Genderswapping and Why I Want Jane Bond

Priyanka Chopra recently declared she didn’t want to be a Bond Girl. “Fuck that, I want to be Bond.” So does Gillian Anderson.

Melissa McCarthy is leading an all-lady cast in the remake of Ghostbusters.

These facts, taken together, have engendered a lot of hate. But, less trollishly, it’s also has lead to the inevitable and seemingly reasonble: “Why you gotta genderswap? Just make a girl spy/girl paranormal comedy!”

The answer, as in most things, is complicated. But it’s to do with Narrative Weight.

(And, because many things that apply to feminism also apply to racial issues, most of this applies to people of color, too. But I will speak mostly about the feminism issue because I know more about it. I’d love a link to a thoughtful essay about race swapping if you can find one, though.)

Narrative weight is a term I just made up this very second but it’s immediately recognizable to anyone who has spent time in literature or pop culture. A well-known character has more weight than an obscure one. A character who has been interpreted many times weighs more than one who is singular. A character gains more narrative weight the more times they are referenced in other works, parodied, copied, or analyzed, whether that’s an analysis in a literary class or on Tubmlr.

So Captain America has more weight than Ant-Man. Falstaff has more weight than Antigonus (the guy who exists, pursued by a bear, in Winter’s Tale). Debating the relative weight of Captain America v Falstaff is an exercise that I will leave to the reader.

Narrative weight takes time to build. And that’s why we need genderswapping.

Choosing Chaucer as a totally arbitrary date, English-language works have about 700 years of history. Most of the characters in those works for the past 700 have been white men. They have had seven centuries in which to build up narrative weight. The inertia of history gives these characters more heft and they distort the fabric of narratives, making all stories roll into their gravitational fields.

Let’s take James Bond, to come back to Ms. Chopra.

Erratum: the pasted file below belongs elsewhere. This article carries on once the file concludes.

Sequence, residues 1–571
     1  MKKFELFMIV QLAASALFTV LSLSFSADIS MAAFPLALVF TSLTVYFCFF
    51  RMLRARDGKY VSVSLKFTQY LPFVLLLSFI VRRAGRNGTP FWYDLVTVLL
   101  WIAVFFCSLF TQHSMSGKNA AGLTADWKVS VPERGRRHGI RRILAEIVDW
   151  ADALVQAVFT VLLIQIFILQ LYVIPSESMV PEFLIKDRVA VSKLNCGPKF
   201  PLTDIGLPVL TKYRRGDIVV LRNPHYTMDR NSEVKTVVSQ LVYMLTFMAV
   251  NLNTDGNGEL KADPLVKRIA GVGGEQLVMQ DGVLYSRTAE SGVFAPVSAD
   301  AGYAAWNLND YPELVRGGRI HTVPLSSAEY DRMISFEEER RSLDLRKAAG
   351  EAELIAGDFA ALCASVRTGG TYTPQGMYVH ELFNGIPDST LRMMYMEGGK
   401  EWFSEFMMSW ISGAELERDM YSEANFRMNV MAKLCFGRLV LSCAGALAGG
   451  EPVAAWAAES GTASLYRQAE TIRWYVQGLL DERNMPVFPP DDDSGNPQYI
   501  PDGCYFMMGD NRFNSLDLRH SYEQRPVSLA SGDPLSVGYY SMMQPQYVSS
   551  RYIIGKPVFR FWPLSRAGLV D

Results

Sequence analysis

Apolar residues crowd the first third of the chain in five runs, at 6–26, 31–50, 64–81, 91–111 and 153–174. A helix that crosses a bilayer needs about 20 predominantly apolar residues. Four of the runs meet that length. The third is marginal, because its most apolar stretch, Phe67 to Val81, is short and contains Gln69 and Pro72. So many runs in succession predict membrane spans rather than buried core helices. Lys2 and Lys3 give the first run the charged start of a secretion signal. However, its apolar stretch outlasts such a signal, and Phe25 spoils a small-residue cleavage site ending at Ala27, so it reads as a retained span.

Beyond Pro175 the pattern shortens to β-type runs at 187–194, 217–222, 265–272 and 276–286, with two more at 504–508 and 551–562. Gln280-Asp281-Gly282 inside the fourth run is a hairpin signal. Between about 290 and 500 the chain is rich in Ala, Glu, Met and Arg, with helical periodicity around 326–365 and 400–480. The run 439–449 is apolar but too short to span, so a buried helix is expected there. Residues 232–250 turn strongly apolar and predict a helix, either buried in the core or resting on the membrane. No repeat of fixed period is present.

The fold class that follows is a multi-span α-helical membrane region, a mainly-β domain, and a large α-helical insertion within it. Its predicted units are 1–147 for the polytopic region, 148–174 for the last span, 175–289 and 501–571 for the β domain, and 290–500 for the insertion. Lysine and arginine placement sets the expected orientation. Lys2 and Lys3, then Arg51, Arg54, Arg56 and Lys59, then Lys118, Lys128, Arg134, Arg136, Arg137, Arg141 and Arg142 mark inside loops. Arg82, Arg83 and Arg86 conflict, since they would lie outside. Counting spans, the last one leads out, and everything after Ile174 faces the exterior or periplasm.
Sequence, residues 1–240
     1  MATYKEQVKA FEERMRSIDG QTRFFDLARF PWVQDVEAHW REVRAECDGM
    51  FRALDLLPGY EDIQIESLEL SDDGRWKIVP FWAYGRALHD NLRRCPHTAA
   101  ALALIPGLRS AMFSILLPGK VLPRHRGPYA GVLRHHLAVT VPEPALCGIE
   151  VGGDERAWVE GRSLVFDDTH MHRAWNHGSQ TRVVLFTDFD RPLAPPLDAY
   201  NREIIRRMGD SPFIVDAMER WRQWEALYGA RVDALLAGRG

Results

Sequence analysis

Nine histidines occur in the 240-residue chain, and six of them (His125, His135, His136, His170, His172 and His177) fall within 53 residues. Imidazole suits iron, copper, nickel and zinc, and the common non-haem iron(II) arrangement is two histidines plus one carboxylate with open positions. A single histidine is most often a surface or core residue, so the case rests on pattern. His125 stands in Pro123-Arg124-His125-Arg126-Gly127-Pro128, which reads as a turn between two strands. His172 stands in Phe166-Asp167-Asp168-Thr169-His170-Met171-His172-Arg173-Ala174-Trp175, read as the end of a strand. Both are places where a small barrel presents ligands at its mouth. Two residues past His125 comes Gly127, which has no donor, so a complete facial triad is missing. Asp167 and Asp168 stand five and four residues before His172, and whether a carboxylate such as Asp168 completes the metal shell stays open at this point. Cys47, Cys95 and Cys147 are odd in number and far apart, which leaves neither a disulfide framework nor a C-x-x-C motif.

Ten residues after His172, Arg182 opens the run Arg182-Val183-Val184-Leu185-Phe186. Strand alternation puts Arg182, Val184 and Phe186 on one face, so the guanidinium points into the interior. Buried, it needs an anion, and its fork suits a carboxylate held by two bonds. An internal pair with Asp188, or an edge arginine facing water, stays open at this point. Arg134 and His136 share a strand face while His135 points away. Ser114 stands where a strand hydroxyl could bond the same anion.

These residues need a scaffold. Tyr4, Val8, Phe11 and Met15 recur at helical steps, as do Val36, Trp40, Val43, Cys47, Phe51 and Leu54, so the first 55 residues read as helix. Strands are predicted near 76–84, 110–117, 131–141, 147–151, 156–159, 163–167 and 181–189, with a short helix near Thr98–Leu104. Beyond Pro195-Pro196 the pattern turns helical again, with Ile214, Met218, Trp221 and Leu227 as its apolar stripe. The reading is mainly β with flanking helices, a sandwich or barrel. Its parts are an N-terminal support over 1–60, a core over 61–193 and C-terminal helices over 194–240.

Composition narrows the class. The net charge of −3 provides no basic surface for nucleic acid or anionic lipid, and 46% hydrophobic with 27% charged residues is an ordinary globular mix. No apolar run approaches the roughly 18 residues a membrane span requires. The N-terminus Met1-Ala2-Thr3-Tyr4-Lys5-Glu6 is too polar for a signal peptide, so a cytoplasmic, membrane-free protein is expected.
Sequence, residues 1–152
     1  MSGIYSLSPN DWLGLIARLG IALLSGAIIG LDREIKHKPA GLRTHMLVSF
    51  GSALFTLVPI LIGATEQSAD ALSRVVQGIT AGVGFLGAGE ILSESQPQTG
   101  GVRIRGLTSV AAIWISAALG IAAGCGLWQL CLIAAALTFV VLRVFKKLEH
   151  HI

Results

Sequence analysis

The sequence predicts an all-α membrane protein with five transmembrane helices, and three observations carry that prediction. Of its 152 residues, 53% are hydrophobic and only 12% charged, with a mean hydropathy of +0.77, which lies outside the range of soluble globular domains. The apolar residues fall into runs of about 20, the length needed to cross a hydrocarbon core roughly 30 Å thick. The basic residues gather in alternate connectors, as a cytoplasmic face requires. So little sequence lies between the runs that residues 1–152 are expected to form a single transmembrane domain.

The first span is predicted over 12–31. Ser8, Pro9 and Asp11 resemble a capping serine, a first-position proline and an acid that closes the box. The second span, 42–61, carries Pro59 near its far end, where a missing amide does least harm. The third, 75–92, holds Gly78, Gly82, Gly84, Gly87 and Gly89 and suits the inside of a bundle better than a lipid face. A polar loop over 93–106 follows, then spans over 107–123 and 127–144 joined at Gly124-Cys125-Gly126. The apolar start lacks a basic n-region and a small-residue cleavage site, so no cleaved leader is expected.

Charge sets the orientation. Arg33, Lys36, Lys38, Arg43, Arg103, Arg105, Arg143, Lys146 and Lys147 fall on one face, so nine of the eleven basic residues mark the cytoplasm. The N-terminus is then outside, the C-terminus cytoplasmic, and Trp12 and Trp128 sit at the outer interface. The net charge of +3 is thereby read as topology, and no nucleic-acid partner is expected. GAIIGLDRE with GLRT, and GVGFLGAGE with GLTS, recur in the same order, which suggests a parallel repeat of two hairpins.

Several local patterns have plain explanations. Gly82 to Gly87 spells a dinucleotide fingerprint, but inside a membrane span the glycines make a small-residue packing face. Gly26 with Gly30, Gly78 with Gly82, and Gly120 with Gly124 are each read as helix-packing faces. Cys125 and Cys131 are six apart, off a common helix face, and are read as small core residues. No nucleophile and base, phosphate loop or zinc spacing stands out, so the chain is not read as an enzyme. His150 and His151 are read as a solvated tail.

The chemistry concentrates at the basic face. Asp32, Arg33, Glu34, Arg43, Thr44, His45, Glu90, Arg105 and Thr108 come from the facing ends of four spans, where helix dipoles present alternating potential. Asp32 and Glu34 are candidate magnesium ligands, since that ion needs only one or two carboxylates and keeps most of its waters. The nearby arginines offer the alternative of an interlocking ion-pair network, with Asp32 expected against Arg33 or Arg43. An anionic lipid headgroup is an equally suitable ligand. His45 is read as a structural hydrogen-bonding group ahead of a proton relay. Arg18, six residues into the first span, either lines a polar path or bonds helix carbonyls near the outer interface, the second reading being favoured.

Since his debut in 1953, Bond has had 20+ movies, 50+ books, several spin offs. That alone gives him an enormous narrative weight. Add in the nearly infinite pastiches, jokes, quips, imitations, and references. Kingsmen and XXX were directly framed as responses to Bond, and thus were pulled into his orbit, adding to his weight. By now, he’s acquired a presence in spy movies so deep that even choosing not to reference Bond is, in and of itself, a reference to Bond.

Bond has enormous narrative weight.

Even if we stopped making all James Bond movies right now, by dictatorial decree, he would continue to get heavier just because he’s so thoroughly embedded in the canon.  And, of course, we’re not going to stop making Bond movies. Or writing those books. Or fanfics. Or jokes.

So if we just “made a female spy who isn’t Bond,” she could literally never catch up to him. Not even if we decided to make three movies and five tie-in-novels a year for the next 70 years. Which means that he continues to distort the narrative landscape . Part of this distortion is the fact that no one thinks that people would watch those Female!Spy movies, because we never have because Bond…..

So, when feminists agitate for a genderswap and want to cast Haley Atwell (or Priyanka Chopra or Gillian Anderson) to play Jane Bond, we’re trying to claw away some of the narrative weight that dudes have been hoarding for the past 700 years.

If we manage to get enough narrative weight, we can change the landscapes that shape our narratives and regularly exclude women and girls and people of color. It’s  not the only way to do it, but it’s one of the thousands of approaches that we’ll need if we want to approach equality in representation.

I mean, even if we stopped making white dudes the leads in all books, movies, and tv shows right this second — and I don’t know how we’d do that — it would take about 700 years to build an equal weight.

Sometimes these are head canons and that’s important, too. When mothers edit on the fly to make Bilbo a woman, we’re combating the way that girls feel when they are systematically excluded from the vast vast majority of English language books. If you get used to seeing yourself as a main character, it’s easier to act like a main character.

And I think that’s what the people who object to genderswapping are really angry about. They don’t want anyone to take their role as the lead character.

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